Thursday, February 22, 2024

Murder Over New York (1940)

Murder Over New York is a 1940 entry in 20th Century-Fox’s incredibly prolific Charlie Chan B-movie cycle.

I watched this one immediately after watching Charlie Chan at the Opera (made four years earlier). I wanted to watch a Warner Oland and a Sidney Toler Chan movie back-to-back. I’ve always had a preference for Sidney Toler in the role and watching these two movies confirmed my view that Sidney Toler was a much better Charlie Chan. He’s just slightly harder-edged. Chan after all is not a gentleman amateur detective. He’s a cop. I can buy Sidney Toler’s Chan as a policeman in a way that I can never quite buy Warner Oland’s version. And Warner Oland tries a bit too hard to make Chan too likeable.

Murder Over New York
involves spies and sabotage but those elements are really just there to give the movie a topical flavour, and to justify some aviation action. The plot is mostly just a standard murder mystery tale.

Inspector Drake of Scotland Yard is now working for British Military Intelligence. He and Charlie are old friends. Drake is investigating a sabotage ring, and more precisely he is investigating the sabotage of a new bomber prototype. 

When Drake is murdered Chan naturally is determined to be involved in the case. Number Two Son is also determined to be involved, whether Charlie likes it or not.

There will be more murders, and the murder methods involve poisons and poison gases.

There’s an array of possible suspects but the prime suspect is nowhere to be found. He’s a notorious spy named Paul Narvo and Drake was on his trail but even Narvo’s ex-wife has no idea where he is.

There’s some gee-whizz technical stuff, with detailed explanations of the equipment used to send photographic images over long distances and there’s a secret chemical laboratory that plays a part in the story. There’s another high-tech element but I can’t mention it without revealing a major spoiler.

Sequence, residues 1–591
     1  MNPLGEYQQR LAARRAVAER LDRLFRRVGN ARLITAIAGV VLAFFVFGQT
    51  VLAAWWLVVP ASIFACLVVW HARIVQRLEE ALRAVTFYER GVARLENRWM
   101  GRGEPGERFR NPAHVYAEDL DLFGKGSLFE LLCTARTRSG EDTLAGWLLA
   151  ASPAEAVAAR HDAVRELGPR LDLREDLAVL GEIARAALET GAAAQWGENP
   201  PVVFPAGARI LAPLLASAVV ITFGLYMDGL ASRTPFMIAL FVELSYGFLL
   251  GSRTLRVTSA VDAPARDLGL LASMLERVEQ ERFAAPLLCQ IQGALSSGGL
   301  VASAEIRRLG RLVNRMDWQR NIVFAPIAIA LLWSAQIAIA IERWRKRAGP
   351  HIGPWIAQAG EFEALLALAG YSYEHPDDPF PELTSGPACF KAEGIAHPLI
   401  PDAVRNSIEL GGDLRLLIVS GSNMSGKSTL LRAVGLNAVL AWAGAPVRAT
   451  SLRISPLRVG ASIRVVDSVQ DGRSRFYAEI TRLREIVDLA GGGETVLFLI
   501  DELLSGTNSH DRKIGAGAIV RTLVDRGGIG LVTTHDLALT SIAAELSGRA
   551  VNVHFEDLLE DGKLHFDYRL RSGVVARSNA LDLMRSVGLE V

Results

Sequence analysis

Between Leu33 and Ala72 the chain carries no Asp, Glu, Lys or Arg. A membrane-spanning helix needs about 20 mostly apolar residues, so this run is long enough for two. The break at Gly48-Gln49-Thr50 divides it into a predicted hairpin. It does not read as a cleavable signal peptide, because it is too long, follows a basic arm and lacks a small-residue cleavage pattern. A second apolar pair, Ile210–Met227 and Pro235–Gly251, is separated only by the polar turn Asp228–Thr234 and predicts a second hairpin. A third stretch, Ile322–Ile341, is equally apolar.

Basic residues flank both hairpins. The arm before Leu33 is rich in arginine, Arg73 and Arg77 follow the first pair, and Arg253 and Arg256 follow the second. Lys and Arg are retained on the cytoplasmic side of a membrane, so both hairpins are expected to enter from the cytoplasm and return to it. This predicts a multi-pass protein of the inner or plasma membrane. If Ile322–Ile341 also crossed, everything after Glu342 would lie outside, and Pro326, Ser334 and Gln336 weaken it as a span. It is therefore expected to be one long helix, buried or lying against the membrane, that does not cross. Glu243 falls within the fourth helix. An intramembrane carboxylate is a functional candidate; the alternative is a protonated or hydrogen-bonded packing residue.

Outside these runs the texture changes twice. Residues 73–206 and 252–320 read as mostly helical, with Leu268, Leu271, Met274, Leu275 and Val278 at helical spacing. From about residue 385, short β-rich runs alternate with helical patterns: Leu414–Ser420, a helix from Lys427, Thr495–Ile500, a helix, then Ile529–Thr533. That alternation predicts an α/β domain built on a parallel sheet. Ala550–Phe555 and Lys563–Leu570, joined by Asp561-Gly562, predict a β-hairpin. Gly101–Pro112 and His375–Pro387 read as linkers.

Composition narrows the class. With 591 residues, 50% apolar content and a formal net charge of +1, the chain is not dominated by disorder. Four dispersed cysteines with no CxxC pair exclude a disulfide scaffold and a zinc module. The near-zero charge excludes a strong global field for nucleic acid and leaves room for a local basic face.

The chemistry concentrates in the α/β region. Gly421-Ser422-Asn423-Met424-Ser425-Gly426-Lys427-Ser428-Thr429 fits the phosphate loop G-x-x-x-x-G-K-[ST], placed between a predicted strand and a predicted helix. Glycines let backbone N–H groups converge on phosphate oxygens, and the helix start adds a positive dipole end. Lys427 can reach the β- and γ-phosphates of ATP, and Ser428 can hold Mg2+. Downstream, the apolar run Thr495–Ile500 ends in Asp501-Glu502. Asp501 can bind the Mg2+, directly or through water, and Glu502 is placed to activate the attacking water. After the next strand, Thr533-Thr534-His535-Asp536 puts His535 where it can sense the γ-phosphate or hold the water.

There’s a tense climax aboard the second new bomber prototype, with Charlie (as so often) setting a trap for the killer.

At least it’s supposed to be a bomber prototype but it’s clearly a civil aircraft, in fact I’m fairly sure it’s a Lockheed 12 airliner. I guess they figured that the audience at the time wouldn’t notice or care. And really it doesn’t matter. What matters is that we get suspense and terror in the air and that’s always fun.

The plot is quite serviceable with the usual red herrings.

There’s some humour but it’s not too intrusive.

The supporting cast is solid. Look out for Shemp Howard of the Three Stooges in a bit part as a phoney Hindu fakir. I enjoyed Charlie’s gentle affectionate mockery of Number Two Son Jimmy (Victor Sen Yung). And as I mentioned earlier I really enjoy Sidney Toler as Chan.

Director Harry Lachman does a good job and keeps things moving along.

Mostly this movie follows the established formula but it’s entertaining and it’s highly recommended.

This movie is included in Fox’s Charlie Chan volume 5 DVD boxed set. The transfer is very good.

Sunday, February 18, 2024

Bachelor Apartment (1931)

Bachelor Apartment is a 1931 RKO pre-code comedy that deserves more attention than it gets. In fact it doesn’t get any attention and that’s a pity.

Lowell Sherman stars and he directed the movie as well. He shares top billing with Irene Dunne.

Sherman plays rich New York playboy stockbroker Wayne Carter who has a problem. There are just too many women in his life. It’s not that he doesn’t like women. He likes them a lot. But he can only deal with so many at once. He certainly can’t deal with four women all at the same time.